Response: Health and safety is our first priority – see the responses to the FAQ speaking to sick and family leave in the compensation section if reluctance to report stems from a diagnosis, heightened risk of susceptibility to COVID-19, or order from a public health official to quarantine, or arises from the need to act as a caregiver for a family member in one of those situations.
EO 104 states: “The Commissioner of the Department of Education (“DOE”), in consultation with the Commissioner of DOH, shall be authorized to permit schools to remain open on a limited basis for the provision of food or other essential, non-educational services, or for educational or child care services if needed in emergency situations after consultation with the Commissioner of DOH.” Employees should only be called to report to school buildings consistent with EO 104. It remains to be seen what in emergency situations the Commissioners of Education and Health will allow educational or child care services to be provided in schools.
The NJDOE has issued the following statement regarding essential employees: “When developing and updating its emergency preparedness plan, each district will need to consider their specific circumstances to determine which personnel would be considered essential and need to perform some duties during a closure. It is likely that certain staff would be needed in most districts, such as the chief school administrator, to oversee and coordinate operations; the school business administrator, to maintain business office operations; information technology staff, to assist staff using remote access and to implement any online instruction; staff involved in the preparation or delivery of food; and custodial and maintenance staff, to provide access to district facilities, and to clean and sanitize buildings as needed.” (emphasis added).
Other than the above statements in EO 104 and from the NJDOE, we have located no New Jersey school law mandates defining who are considered “essential employees” that the districts may require to report to work. The Commissioner of Education has stated that they are working on developing such a definition. The Commissioner has also stated that they will begin requiring the districts to submit to the NJDOE a list of employees they have deemed essential, along with a rationale for that designation. The NJDOE will review those submissions. In the meantime, if you believe non-essential staff is being asked to report to work, contact your UniServ field representative. The Commissioner has stated that instances of non-essential staff being called to report to work should be reported to county superintendents.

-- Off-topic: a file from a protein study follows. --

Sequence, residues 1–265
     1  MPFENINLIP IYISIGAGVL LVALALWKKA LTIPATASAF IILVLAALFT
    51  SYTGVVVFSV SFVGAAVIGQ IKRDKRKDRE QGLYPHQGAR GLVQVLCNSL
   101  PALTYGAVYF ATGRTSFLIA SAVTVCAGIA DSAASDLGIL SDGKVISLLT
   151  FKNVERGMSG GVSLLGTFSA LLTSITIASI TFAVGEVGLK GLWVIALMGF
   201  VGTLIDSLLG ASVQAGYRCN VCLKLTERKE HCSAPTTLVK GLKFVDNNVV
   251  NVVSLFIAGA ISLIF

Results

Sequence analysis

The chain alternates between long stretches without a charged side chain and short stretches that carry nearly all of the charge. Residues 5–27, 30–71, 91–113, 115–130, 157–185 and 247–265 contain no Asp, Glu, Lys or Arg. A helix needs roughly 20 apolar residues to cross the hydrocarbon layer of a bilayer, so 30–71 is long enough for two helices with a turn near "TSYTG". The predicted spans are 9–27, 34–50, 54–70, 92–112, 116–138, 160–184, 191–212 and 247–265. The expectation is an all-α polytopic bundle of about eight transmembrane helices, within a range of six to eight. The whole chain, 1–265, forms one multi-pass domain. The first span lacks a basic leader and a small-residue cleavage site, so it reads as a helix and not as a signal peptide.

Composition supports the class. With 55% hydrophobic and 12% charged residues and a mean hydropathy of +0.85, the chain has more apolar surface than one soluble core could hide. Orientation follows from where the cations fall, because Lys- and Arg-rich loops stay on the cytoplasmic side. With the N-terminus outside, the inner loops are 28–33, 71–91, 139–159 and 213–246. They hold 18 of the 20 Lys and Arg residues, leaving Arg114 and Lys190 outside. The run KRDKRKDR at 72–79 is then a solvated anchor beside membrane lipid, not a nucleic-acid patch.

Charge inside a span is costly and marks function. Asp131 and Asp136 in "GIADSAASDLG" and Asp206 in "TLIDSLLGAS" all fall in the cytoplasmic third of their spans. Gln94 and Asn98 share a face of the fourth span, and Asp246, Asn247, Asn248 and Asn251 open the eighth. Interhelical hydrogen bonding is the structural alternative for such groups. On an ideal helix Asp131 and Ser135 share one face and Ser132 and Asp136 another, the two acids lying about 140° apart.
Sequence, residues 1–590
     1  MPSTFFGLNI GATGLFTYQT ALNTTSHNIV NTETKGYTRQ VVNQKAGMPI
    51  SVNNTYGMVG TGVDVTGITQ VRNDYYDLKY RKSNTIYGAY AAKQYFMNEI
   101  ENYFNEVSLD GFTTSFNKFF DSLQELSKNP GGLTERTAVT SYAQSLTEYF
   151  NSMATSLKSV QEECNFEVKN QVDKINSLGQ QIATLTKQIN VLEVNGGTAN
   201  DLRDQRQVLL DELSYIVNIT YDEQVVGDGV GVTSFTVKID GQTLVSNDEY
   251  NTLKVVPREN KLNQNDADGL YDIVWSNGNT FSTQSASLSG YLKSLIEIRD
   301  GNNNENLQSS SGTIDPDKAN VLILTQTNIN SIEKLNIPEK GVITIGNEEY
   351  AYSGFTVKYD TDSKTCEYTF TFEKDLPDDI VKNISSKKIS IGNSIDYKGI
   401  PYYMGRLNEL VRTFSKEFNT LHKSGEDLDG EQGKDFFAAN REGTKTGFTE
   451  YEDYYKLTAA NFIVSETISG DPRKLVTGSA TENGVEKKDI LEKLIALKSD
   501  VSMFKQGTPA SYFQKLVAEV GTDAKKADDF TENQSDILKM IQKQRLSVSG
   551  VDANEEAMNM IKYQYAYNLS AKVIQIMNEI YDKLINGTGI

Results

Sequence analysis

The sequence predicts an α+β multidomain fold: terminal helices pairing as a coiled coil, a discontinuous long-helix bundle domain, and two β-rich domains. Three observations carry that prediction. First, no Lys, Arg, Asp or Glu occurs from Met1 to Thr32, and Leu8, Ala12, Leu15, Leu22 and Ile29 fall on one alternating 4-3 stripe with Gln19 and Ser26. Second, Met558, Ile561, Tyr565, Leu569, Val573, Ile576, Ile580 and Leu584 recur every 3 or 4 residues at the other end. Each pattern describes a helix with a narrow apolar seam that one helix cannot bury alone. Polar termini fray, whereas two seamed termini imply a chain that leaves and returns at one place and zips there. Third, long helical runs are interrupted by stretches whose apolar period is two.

Despite the above, there is PERC precedent supporting the principle that when a state of emergency exists, employers may deploy their workforces in the manner they deem best to respond to that emergency. If there is a contractual obligation to work, the employer has the prerogative to require an employee to be present. Thus, if members are directed to report, they are susceptible to disciplinary action if they fail to report.
That being said, the association should advocate that as a matter of health and safety, only truly essential staff, such as the staff needed to carry out the purposes identified in EO 104 and staff identified in the NJDOE guidance, be required to report (for example, food service, IT, custodians performing essential work such as sanitizing). There is a possibility for an argument that if the assignment affects an imminent threat to health and safety, attendance might not be required, or it would be a negotiable topic, though this exact situation is untested. Practical considerations, such as public, political, and media pressure may therefore be more effective than legal arguments in this regard.